What parents need to know
Parents Need to Know
Parents need to know that this home organization reality show combines mild interpersonal drama with some interesting home arrangement ideas. The show focuses on a group of Southern women who often wear high heels, short skirts, and heavy make-up, reinforcing ideals of traditional femininity. Very rare language includes "crap," "bitch," and "screwed."
What's the story?
Alabama-based organizing pro Amanda LeBlanc and her team of organizing divas transform clients' spaces from chaos to organized perfection. Along the way, she and her team, known as \"the Amandas,\" argue over process while dealing with Amanda's major perfectionism streak.
Is it any good?
Families who love before and after reveals, home improvement shows, and mild drama will enjoy watching THE AMANDAS. The show, which centers on professional organizer Amanda LeBlanc and her team, known collectively as the Amandas, finds most of its drama in the dynamic between the clashing personalities on the team. Rarely do any of the women get rude or angry -- these are proper Alabama ladies, after all -- so when tempers do flare, it's an occasion.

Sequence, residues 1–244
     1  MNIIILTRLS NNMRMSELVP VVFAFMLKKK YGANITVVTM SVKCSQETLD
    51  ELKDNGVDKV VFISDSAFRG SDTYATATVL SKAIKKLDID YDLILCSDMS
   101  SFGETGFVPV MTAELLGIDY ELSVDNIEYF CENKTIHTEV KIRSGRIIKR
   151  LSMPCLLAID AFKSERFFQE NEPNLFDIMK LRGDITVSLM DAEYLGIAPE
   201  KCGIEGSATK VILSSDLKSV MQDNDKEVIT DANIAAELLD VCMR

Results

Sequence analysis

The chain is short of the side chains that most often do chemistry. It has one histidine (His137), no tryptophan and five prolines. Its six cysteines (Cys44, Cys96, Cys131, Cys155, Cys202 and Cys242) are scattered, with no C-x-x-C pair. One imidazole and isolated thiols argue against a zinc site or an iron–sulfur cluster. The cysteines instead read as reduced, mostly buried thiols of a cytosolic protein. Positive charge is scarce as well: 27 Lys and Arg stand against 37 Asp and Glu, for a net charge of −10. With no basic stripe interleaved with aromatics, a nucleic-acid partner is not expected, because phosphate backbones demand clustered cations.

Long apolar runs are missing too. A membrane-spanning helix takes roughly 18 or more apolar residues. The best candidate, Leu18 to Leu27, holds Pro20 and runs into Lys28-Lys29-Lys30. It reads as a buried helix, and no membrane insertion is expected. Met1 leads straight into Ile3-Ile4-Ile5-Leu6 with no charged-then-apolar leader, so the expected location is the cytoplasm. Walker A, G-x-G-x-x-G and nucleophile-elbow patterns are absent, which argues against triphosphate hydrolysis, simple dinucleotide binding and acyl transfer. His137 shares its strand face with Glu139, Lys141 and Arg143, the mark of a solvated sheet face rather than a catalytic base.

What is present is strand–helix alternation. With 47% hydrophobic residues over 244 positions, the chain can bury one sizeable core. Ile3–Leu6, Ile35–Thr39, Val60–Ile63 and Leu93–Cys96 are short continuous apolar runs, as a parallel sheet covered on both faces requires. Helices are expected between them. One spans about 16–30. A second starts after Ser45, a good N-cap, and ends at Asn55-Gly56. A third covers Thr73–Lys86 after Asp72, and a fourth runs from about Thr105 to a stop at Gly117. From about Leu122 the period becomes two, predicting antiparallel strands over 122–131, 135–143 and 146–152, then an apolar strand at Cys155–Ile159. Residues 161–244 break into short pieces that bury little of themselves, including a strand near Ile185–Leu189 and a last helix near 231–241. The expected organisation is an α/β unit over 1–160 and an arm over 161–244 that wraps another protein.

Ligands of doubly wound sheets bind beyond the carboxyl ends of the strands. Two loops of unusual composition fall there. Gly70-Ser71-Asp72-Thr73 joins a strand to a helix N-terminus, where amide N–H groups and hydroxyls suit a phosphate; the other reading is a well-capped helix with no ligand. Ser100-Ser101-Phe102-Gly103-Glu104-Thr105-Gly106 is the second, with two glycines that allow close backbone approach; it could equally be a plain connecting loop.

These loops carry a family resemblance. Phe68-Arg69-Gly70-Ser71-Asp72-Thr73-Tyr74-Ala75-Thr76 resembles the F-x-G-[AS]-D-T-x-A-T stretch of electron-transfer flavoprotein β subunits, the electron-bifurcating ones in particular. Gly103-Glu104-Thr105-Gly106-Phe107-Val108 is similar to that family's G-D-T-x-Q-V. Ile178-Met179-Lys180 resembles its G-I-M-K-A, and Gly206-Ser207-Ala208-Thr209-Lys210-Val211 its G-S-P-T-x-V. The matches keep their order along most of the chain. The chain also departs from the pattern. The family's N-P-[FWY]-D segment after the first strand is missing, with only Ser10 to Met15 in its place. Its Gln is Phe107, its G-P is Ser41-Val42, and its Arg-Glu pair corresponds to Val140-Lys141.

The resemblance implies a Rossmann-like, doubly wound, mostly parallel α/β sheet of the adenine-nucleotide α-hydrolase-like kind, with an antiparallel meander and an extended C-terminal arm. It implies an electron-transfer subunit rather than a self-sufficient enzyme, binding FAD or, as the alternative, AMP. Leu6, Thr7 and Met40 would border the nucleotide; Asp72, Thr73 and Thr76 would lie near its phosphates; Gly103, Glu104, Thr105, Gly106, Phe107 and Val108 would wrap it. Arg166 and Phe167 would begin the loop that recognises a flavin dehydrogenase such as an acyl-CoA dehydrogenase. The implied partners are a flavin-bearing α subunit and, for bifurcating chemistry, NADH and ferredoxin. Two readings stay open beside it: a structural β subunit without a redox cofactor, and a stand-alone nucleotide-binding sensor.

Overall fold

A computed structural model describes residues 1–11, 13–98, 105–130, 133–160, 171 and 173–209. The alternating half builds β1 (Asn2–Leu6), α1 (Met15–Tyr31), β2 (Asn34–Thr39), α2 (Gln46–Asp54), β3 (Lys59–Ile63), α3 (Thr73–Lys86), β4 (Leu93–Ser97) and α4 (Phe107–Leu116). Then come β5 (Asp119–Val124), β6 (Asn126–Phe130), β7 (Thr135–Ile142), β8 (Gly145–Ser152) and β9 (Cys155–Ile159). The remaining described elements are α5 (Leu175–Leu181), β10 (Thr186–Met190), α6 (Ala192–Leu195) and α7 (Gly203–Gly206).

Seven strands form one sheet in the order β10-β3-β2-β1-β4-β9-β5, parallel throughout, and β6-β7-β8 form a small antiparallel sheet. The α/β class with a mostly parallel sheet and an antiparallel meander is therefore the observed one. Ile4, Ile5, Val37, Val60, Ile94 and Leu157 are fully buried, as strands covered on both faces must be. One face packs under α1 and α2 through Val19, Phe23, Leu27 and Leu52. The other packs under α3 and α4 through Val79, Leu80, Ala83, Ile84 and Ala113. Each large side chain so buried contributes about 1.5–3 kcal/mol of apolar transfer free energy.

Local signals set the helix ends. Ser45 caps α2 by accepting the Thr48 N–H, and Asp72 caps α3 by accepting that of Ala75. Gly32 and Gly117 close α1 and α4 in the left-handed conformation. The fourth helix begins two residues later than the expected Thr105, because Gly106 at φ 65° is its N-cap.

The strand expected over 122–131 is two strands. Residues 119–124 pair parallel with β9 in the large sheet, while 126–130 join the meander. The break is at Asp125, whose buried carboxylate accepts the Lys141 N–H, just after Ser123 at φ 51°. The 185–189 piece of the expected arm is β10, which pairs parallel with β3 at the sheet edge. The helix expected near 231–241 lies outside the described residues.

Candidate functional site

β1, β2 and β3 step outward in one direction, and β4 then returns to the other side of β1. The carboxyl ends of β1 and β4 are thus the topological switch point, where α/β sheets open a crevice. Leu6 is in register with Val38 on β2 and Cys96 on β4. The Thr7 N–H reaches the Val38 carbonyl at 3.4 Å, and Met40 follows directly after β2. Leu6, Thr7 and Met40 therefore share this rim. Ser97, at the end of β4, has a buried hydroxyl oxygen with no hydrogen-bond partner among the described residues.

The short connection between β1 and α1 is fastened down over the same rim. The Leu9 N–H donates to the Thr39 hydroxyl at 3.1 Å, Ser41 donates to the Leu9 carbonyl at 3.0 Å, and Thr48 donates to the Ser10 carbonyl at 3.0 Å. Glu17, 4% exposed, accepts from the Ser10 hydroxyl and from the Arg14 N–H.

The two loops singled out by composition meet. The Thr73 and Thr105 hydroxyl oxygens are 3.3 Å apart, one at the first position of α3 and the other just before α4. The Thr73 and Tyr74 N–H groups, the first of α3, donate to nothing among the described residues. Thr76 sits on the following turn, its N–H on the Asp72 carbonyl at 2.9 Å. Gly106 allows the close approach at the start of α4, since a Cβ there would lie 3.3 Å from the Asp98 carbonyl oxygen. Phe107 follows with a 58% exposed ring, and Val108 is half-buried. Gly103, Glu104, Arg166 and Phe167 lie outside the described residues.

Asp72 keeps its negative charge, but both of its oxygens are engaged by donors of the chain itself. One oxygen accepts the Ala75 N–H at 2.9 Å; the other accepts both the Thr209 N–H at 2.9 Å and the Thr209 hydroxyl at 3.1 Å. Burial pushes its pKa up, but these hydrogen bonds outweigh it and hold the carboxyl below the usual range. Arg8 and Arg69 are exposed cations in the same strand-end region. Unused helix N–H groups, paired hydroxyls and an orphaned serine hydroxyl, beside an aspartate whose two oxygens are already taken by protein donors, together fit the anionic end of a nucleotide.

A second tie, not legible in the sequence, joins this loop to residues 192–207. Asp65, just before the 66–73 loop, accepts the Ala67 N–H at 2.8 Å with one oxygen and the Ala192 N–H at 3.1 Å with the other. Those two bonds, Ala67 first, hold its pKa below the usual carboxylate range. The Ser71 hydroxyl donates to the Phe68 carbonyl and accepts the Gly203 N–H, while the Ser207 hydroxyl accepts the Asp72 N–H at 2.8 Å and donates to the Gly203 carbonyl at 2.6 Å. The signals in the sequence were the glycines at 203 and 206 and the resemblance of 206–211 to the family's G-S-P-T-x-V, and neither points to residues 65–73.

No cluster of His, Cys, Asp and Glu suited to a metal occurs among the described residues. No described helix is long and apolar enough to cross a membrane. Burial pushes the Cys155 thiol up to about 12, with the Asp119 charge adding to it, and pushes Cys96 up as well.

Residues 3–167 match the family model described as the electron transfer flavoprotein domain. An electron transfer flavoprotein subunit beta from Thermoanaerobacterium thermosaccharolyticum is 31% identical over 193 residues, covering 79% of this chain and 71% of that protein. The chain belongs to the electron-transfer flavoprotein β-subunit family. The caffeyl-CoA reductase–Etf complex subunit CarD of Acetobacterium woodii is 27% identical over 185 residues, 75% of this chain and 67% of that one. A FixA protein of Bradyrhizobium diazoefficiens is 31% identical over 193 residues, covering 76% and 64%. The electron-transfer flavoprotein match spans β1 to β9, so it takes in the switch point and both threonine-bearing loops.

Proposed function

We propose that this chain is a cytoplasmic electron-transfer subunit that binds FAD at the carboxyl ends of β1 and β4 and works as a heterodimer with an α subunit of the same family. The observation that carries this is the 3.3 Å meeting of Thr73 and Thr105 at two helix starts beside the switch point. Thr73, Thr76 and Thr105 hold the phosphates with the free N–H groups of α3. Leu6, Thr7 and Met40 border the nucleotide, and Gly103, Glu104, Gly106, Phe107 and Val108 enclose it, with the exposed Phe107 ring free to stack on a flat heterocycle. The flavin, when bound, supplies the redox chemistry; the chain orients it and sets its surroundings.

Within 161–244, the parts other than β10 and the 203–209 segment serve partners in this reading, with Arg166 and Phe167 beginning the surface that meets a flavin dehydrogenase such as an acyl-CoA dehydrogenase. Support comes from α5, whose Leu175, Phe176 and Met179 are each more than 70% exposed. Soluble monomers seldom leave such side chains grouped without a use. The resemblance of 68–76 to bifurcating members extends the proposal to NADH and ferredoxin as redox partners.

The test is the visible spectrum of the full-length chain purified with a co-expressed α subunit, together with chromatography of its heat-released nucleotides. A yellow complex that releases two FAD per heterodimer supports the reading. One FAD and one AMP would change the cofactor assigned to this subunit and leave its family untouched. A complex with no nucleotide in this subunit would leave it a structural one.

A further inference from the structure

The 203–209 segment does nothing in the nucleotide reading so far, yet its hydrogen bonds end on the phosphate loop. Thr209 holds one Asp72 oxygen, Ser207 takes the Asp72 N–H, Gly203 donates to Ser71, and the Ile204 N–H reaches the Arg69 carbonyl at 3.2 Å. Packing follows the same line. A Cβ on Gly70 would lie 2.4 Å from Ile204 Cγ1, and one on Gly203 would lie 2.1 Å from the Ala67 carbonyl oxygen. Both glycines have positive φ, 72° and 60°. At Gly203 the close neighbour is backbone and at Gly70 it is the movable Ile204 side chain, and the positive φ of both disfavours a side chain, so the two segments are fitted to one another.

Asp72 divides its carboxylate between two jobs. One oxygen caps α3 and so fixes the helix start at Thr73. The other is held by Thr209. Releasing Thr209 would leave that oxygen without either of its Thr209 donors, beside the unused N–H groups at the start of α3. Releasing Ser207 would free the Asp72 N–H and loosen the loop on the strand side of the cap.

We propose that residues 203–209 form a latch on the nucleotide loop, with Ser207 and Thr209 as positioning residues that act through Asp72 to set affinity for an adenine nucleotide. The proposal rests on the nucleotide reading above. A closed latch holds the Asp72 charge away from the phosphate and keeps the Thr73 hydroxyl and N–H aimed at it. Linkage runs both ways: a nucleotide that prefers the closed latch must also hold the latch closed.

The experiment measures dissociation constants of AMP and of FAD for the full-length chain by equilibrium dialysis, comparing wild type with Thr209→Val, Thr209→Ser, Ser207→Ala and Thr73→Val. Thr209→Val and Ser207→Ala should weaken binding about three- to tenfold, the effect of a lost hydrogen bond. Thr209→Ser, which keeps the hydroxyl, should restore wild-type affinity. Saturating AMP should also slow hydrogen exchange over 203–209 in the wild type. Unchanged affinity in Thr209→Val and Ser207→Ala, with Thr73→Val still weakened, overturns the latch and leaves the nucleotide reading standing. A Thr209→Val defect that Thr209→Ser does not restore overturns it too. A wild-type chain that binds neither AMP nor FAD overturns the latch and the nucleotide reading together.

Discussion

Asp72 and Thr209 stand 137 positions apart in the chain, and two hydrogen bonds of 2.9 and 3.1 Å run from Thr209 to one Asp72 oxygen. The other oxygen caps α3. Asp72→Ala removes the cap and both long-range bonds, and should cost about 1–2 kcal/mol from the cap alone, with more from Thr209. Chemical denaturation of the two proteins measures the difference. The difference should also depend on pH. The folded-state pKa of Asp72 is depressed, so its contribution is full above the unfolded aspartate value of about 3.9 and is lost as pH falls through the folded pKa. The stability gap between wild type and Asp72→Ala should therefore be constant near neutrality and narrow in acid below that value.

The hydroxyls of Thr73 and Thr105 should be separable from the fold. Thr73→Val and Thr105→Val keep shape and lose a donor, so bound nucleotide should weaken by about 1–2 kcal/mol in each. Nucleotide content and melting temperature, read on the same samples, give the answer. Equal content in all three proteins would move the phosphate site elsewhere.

There are some genuinely excellent organizing tips to pick up along the way, so home improvement enthusiasts may want to add this show to their DVR list. Overall, it's very watchable, though some of the gender stereotyping may irritate parents. Amanda LeBlanc's insistence that politics, religion, and sex are taboo topics, and that heels and a mini-skirt on a job site are the only proper way to dress oneself, make for some good teaching moments for families watching the show with their kids.
Families can talk about...
Families can talk about working as a team. Do you think it's difficult to blend personalities on a team? What other challenges can you imagine that a team might face to get a job done? What challenges do you observe on the show?
Do you think the Amandas conform to gender stereotypes? What examples can you think of that reinforce what women should look like or act like? What examples from the show defy those stereotypes?
What is the appeal of this reality show? Do you think everyone is acting normally, or do they play up the drama for TV?